Helping Hands: a sturdy, easy to clean, minimal parts, hands free compression bra designed by nursing moms. The bra helps women manually express breastmilk (a technique proven to be as effective as electric pumps) without their hands. 

Contact the team via Katherine Ong

3rd Prize, $1000 (sponsored by Naia Health)

PumpIO: An open software and hardware platform to make the breast pumping experience smarter, more data-rich and less isolating. PumpIO puts pumping women in touch with lactation consultants and communities as they are pumping, when they have questions and to help reinforce their commitment to their baby.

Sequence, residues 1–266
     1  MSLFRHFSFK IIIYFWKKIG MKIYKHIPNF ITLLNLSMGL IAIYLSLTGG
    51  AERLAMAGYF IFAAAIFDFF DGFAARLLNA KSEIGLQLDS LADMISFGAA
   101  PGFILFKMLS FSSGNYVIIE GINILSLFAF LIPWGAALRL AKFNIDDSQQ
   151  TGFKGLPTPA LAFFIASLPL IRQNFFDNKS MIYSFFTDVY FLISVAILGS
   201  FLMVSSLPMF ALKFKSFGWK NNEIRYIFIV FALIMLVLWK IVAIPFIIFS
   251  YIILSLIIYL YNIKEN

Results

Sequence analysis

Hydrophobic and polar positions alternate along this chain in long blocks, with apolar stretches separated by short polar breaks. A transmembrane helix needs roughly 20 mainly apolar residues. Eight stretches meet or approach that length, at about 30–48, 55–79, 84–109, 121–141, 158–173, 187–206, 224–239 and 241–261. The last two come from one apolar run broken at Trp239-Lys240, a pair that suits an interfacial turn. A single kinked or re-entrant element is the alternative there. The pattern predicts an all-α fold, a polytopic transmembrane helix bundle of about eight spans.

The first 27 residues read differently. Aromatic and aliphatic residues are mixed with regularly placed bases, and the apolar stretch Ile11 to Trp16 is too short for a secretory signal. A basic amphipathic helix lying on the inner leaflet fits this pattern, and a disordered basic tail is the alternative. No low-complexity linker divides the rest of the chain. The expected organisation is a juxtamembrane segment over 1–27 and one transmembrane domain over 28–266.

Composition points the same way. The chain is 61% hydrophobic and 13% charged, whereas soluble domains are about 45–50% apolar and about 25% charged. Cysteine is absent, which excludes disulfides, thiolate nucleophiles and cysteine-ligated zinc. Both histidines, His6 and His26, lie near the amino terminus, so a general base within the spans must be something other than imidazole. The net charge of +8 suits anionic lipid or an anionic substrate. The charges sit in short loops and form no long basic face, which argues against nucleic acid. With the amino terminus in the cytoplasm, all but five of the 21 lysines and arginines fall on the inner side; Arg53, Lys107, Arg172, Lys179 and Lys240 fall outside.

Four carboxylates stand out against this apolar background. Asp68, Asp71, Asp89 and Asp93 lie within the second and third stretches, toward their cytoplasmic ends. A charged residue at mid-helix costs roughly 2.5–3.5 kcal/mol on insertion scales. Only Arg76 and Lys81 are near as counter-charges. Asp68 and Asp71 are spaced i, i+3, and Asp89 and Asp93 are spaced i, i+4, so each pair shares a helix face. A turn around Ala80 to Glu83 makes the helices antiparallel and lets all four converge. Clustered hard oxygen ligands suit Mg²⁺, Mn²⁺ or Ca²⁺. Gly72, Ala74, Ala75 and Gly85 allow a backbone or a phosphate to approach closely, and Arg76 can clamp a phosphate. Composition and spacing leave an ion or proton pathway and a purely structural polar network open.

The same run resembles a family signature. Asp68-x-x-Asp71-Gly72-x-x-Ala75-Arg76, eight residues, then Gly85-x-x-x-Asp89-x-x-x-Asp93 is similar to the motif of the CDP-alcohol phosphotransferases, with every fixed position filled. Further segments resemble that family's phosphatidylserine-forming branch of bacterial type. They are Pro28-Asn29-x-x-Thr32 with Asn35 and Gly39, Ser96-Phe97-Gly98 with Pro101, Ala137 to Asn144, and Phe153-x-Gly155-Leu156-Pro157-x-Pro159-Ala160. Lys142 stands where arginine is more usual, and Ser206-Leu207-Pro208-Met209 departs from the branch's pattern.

Contact the team via Max Metral

Most Outstanding User Focused Design, $500 (sponsored by Moxxly)

Second Nature is a breast pump that mimics the way that a baby suckles with massage and compression. This team also designed soft, low-profile flanges to be worn discreetly. 

Contact the team via Kristy Johnson

Pioneer Award & Winner of the Popular Vote

Compress Express: A breast pump that mimics the natural and age-old art of hand expression, instead of archaic vacuum technology that dominates the market. Inspired by the simplicity of blood pressure cuffs, this project's gentle compression technology enables efficient milk expression and creates a discreetly wearable, virtually silent and hands-free breast pumping experience. This project, led by Susan Thompson, has been under development for two years and received the Pioneer Award for early and persistent innovation. 

Contact the team via Susan Thompson

You can see all of the awesome projects that were prototyped at the hackathon on ChallengePost.